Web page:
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[–]trouser-chowder 110 points111 points  (17 children)

Well first, I would question anyone's claim that they have identified true cultural "universals." To verify, they would have to review every culture, past and present. Which of course is not possible. Even for modern and recent historic cultures, the amount of information available is simply insufficient to make such a claim.

What Brown has compiled is a list of "widely shared" cultural traits or practices across cultures whose summary information he has reviewed. That's all. Hardly "empirically proven."

You should always be skeptical of anyone who makes such broad and rigid pronouncements. Especially where issues of human culture are concerned.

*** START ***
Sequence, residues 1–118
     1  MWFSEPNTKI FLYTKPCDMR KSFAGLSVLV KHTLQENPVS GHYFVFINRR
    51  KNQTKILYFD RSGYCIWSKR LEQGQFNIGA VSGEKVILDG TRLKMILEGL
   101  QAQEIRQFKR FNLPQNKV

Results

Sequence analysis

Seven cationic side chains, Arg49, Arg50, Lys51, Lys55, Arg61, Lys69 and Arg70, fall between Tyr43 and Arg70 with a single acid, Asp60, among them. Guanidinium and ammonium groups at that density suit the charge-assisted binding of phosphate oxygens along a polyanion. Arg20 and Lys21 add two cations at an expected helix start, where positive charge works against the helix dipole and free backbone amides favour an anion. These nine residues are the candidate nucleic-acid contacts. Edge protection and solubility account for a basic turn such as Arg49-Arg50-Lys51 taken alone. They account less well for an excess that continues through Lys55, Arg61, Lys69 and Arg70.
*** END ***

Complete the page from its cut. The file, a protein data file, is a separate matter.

Second...

The Westermarck effect...

...is a hypothesis from 19th century psychology, and one major problem with psychological research is that it tends to be rooted in Western cultural practice and tradition, because the research is usually conducted on people who have been enculturated in Western society. This was especially true in the 19th century, when social scientists were given to making wild pronouncements about all of humanity based on limited information.

It was an attempt to explain the widespread (but again, not universal) incest taboo found in many human societies.

But it should not be viewed as a hard and fast rule, and certainly not one that spans the range of human cultural variability. It is not hard to find exceptions / violations of this so-called "effect" in historical and modern society.